Coming out of Georgia, Carter had great size and mobility along with tremendous arm strength. But in his first two years as a pro, the 6'2" 213-pounder forced throws into coverage, struggled with his accuracy and too often made poor decisions. This year, with the Cowboys using more three-wideout sets to open up the field, Carter has been picking apart defenses.
He has been equally impressive with his work ethic. Instead of heading home as soon as practice ends—as had been his habit-Carter regularly hangs back and studies game tape after the coaches have left, even on Sunday nights following home games. "I'm not just watching the tape anymore, either," he says. "I'm looking for down-and-distance, preferred coverages, what personnel teams like on the field in certain situations. I'm seeing all those things now."
Galloway benefited from Carter's extra preparation in a 23-21 win over the Philadelphia Eagles on Oct. 12. Down by one point and facing third-and-seven late in the game, Carter hit Galloway on a quick slant, even though Galloway wasn't the primary option on the play. Carter had recognized a flaw in the coverage and exploited it for a 19-yard gain. "I've seen Quincy grow every day," Glenn says. "Every Monday and Tuesday when we're not doing anything [as a team], he's doing things on his own to make sure he's ready."
Nothing could have prepared Carter for what awaited him in Dallas in 2001. Troy Aikman had retired that April, and Jones went searching for a successor in the draft. The owner was ridiculed after he traded up and picked Carter in the second round (No. 53 overall), because many scouts had projected him to be a mid-round choice at best. With a plan not to rush Carter into the lineup, the Cowboys signed journeyman Tony Banks. Then late in training camp they cut the disappointing Banks and handed the job to the rookie. Carter went 3-5 as a starter, but he missed eight games with injuries to his passing thumb and left hamstring.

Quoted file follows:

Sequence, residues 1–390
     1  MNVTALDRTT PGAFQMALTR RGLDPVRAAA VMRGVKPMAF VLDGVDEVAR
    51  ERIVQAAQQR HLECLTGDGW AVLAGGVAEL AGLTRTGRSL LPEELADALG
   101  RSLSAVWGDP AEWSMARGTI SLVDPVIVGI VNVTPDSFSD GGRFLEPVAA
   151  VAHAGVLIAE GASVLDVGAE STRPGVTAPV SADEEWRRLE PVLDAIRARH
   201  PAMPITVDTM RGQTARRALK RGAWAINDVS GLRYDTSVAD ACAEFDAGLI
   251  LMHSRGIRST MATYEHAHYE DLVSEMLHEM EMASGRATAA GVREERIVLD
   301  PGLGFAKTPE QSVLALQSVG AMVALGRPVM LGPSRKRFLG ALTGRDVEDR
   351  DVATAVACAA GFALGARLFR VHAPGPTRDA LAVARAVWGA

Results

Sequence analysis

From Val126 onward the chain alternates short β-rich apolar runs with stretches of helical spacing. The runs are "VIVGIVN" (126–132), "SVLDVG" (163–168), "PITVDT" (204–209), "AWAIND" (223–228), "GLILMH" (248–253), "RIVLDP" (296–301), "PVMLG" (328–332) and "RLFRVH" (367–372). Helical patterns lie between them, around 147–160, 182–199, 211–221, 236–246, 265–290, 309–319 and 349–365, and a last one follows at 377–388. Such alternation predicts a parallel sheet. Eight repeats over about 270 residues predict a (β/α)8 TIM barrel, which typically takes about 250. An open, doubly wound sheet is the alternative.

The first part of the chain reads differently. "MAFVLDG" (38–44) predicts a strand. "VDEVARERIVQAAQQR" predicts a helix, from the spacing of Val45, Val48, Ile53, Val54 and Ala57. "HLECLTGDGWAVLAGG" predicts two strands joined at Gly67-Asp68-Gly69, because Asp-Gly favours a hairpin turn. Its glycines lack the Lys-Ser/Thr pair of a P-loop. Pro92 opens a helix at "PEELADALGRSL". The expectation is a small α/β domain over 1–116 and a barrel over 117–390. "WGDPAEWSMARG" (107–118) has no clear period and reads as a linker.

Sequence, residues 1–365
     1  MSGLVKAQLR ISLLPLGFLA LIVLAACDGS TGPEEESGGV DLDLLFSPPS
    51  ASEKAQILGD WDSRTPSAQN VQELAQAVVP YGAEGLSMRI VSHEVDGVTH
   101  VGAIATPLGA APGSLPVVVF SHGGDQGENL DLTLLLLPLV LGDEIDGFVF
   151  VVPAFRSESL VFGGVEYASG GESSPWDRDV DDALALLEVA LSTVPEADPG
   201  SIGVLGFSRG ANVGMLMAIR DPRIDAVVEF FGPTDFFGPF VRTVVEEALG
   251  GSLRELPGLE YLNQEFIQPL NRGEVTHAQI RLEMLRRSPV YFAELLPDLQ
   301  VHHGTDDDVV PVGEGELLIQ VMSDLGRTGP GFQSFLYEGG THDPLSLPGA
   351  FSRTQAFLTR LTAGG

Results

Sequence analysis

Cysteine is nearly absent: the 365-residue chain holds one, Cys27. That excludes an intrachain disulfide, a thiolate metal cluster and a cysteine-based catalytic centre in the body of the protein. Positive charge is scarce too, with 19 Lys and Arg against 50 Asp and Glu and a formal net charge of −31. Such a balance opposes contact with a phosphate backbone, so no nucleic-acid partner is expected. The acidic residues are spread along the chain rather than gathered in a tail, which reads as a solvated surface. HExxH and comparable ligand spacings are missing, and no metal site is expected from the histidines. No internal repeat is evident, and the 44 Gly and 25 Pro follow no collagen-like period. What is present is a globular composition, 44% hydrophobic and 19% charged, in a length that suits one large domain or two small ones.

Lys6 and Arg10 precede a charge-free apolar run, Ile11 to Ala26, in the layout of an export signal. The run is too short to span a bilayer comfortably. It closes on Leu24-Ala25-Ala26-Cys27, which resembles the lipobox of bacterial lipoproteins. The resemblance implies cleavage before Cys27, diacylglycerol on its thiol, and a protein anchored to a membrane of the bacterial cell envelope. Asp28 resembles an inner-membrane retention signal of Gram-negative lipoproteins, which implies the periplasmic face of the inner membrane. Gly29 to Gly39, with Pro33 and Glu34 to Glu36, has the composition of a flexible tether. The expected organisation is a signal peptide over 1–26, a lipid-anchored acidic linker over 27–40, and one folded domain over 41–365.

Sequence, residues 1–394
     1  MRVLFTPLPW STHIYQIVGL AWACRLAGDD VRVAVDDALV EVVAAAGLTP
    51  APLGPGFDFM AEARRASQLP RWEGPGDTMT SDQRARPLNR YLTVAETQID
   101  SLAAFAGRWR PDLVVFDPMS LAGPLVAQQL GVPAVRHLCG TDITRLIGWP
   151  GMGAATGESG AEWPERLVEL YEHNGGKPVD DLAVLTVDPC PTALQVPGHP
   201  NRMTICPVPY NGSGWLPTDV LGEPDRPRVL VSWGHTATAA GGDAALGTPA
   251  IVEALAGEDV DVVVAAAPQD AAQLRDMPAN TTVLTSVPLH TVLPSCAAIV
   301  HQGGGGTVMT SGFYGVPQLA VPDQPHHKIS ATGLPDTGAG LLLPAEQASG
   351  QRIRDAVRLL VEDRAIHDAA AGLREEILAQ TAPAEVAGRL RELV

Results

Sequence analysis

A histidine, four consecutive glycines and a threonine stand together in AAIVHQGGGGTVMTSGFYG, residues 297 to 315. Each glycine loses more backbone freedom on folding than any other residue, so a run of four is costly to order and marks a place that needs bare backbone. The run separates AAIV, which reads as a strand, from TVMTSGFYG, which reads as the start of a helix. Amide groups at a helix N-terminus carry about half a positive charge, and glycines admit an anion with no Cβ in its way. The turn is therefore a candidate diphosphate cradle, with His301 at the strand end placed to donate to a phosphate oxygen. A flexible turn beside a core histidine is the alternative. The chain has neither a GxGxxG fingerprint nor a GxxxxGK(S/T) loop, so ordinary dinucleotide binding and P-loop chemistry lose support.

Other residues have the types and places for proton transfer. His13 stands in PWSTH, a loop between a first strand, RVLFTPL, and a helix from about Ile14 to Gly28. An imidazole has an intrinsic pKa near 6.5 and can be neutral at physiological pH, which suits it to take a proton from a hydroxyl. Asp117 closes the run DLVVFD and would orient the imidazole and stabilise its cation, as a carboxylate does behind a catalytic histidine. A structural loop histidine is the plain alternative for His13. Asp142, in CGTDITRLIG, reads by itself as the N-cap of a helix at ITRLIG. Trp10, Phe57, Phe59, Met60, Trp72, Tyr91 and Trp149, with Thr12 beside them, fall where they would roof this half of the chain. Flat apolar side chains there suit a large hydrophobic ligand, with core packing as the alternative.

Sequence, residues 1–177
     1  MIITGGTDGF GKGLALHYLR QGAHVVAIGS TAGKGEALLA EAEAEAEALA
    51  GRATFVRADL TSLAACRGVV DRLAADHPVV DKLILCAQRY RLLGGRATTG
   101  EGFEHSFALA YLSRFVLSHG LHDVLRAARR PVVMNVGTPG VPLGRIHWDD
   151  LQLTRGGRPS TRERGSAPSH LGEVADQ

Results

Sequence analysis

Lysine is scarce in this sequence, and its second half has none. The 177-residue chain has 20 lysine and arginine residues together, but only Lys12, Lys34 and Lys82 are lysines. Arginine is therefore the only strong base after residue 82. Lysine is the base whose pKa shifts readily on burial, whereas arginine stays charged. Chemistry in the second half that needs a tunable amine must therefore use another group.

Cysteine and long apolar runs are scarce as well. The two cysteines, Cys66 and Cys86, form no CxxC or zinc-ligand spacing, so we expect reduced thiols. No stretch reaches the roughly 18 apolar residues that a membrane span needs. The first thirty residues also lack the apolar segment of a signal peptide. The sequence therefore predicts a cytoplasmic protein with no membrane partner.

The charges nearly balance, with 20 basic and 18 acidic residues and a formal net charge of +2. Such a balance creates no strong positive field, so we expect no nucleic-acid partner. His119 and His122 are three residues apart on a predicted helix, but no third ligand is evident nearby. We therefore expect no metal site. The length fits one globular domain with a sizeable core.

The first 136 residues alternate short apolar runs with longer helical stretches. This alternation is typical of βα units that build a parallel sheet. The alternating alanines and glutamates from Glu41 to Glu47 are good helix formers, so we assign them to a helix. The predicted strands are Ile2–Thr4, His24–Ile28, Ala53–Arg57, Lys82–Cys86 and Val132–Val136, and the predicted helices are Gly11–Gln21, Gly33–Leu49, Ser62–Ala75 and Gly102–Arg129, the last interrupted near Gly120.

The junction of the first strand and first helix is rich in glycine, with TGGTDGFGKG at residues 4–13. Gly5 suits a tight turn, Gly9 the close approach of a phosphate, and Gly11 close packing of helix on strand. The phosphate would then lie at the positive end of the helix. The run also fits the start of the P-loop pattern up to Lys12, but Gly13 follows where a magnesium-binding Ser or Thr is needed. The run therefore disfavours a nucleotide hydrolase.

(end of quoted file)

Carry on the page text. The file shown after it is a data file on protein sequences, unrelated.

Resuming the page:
Jones had seen enough, however, so in early 2002 he signed Chad Hutchinson, a former Stanford quarterback who had failed as a St. Louis Cardinals pitching prospect. Because Jones had to outbid other teams, he gave Hutchinson, who hadn't played football since 1997, a larger signing bonus ($3.1 million) than he had given Carter ($1.5 million). That made Carter wonder about his job security. Those concerns intensified when Bruce Coslet, the offensive coordinator at the time, evenly split practice reps between the two passers in camp and started Hutchinson in a preseason game.
Carter went into a funk. He missed a couple of offensive meetings. He blamed the line for the offense's poor showing in a shocking season-opening loss to the expansion Houston Texans, and his relationship with Coslet soured to the point that they weren't speaking. Then Carter stopped interacting with many of his teammates, who before the season had elected him an offensive captain. "That was the one thing he shouldn't have done," says 12th-year strong safety Darren Woodson. "When he separated himself from us, that was when he really went downhill. He went into a shell and didn't come out."